One means of creating a green mulch is to install plants closer together so that they quickly grow together to create a continuous green carpet of foliage. This is one of the themes of the book New Naturalism, by Kelly Norris, published in 2021.  The trick here is to create plant communities that a good match to your site conditions and that the plants play well together. 

An example of a green mulch.  Creeping phlox, Phlox subulata,
and wild strawberry, Fragaria virginiana, have grown together
 to form a 4-6" deep ground cover.  Shrubs and perennials,
like the wild geranium, Geranium maculatum, here,
 are able to grow through.

Another route to a green mulch is to plant lower grow species as a matrix between your feature plants.  The trick here is to keep your garden readable so that the matrix does not obscure your design intent.  By way of example consider what bindweed does to a garden.  While it grows quickly to fill all the voids in the garden it also grows up and over taller plants resulting in tangle of plant material that has no discernible form, no starting or ending points and little textural contrast. (Kudzu does this on a much larger scale, draping a woodland edge with green vines, effectively removing all contrast between the trees.)  Consider instead a perennial bed where the spaces between plants are filled with low growing violets.  The glossy round leaves of the violets don’t interfere with the forms and textures of taller perennials or shrubs.  A list of some of the lowest growing  Mid-Atlantic natives includes:  Pussytoes (Antennaria sp.), wild ginger (Asarum canadense), Green and Gold (Chrysogonum virginianum), wild strawberry (Fragaria virginiana), barren strawberry (Geum fragarioides), Meehan’s mint (Meehania cordata), partridgeberry (Mitchella repens), golden ragwort (Packera aurea), various species of phlox (Phlox divaracata, stolonifera or subulata),  foamflower (Tiarella cordifolia), common violet (Viola soriana),  and  short sedges like rosy and ivory sedge (Carex rosea  and  C. eburnea ).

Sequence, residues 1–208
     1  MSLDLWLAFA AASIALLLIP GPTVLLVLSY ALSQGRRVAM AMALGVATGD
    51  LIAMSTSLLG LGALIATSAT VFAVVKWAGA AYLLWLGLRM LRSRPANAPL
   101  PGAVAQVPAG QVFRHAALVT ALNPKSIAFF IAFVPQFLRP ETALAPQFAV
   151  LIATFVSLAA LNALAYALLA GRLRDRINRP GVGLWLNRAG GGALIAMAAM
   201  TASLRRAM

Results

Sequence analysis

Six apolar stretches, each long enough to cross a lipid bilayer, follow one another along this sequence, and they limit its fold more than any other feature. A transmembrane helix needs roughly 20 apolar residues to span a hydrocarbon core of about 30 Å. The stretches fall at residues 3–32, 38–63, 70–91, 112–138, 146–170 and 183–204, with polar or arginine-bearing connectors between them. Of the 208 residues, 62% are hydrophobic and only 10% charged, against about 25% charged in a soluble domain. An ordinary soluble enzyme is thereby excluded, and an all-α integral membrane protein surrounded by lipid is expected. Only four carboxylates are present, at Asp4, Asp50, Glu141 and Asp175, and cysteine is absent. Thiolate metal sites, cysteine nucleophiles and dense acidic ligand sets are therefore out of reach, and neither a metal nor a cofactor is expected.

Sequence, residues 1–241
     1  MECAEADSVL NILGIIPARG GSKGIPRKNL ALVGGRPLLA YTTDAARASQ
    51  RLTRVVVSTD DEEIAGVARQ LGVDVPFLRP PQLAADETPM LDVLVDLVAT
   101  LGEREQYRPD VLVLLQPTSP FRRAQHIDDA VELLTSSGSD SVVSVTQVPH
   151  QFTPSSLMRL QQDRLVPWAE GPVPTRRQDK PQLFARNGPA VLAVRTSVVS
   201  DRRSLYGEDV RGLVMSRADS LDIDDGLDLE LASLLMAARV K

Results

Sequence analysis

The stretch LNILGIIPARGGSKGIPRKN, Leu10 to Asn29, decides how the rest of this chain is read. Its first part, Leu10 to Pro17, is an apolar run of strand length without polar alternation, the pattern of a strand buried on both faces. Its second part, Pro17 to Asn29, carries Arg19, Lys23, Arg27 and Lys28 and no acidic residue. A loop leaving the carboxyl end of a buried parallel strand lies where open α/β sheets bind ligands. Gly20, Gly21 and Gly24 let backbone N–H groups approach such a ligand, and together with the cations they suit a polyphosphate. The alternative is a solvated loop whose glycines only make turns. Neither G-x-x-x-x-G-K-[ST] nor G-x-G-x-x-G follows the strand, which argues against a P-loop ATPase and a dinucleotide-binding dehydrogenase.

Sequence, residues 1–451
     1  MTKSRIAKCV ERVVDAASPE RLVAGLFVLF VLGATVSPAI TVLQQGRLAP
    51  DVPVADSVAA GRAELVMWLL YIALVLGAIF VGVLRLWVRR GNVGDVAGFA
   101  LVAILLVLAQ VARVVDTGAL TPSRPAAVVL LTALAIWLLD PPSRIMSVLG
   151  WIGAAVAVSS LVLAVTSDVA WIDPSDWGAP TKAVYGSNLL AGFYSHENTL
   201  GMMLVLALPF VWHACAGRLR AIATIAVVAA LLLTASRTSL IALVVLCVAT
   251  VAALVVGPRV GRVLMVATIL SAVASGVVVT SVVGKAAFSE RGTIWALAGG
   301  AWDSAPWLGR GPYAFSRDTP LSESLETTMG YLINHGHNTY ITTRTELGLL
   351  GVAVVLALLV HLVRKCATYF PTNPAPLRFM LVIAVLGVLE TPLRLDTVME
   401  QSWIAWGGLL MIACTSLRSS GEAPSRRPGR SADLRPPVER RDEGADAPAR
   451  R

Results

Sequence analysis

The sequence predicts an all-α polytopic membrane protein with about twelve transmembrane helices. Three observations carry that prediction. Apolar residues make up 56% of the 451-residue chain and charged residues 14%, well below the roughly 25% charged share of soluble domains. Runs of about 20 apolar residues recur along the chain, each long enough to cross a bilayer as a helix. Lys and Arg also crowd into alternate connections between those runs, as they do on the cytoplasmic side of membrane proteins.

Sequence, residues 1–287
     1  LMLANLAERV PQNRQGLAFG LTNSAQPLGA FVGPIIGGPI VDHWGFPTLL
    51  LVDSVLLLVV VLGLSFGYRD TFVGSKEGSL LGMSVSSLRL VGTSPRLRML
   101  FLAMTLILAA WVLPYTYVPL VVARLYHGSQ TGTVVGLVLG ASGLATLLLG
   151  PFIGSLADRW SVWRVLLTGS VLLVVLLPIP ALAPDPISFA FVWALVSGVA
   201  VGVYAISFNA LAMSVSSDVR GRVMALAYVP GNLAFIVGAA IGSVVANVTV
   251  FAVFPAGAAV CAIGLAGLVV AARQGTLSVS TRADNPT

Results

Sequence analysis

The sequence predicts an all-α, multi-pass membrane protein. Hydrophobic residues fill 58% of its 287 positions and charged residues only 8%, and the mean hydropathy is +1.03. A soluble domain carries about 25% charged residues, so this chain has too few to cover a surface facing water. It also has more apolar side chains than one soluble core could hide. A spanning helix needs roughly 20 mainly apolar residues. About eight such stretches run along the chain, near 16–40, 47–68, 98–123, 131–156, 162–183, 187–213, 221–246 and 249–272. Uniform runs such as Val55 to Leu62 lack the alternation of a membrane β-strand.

Golden ragwort is excellent native ground cover.  It spreads rapidly
 in moist, partly sunny locations.  It also seems to suppress invasive
 weeds like Japanese stilt grass and garlic mustard.


Using spring ephemerals for this purpose is a very natural means of creating a matrix.  These perennials naturally flourish early in the year when tree and shrub canopies are open, then slowly go dormant as the canopy closes up.  They return again the following spring.  In the Mid-Atlantic you may find Dutchman’s breeches and squirrel corn (Dicentra sp.), mayapple (Podophyllum peltatum)  and Virginia bluebells (Mertensia virginiana)  as common examples of these.  A limitation with using ephemerals is that they do totally disappear after setting seed.  They are ideal in an established perennial or shrub bed where you just need something in early spring while the larger plants are leafing out.  

Ephemerals, like cutleaf toothwort, Cardamine concatenata (in bloom),
 and Dutchman's breeches, Dicentra cucullaria, fill out in early spring.
but disappear as the tree canopy fills in. 

Using short-lived species that survive primarily by reseeding is another means to establishing a sustainable living mulch.  By nature these are opportunistic gap fillers.  As the longer lived perennial and shrub layers get established these reseeders tend to be squeezed out as their preferred, open habitat disappears.  Yellow fumewort (Corydalis flavula), American pennyroyal (Hedeoma pulegiodes), common yellow woodsorrel (Oxalis stricta), and self-heal ( Prunella vulgaris) are some of the shorter species that can be used in this way.  Taller, showier species that can be used as temporary gap fillers include wild columbine (Aquilegia canadensis), Partridge pea  (Chamaecrista fasciculata), fleabanes (Erigeron annuus and E. philadelphicus), and black-eyed Susans (Rudbeckia hirta).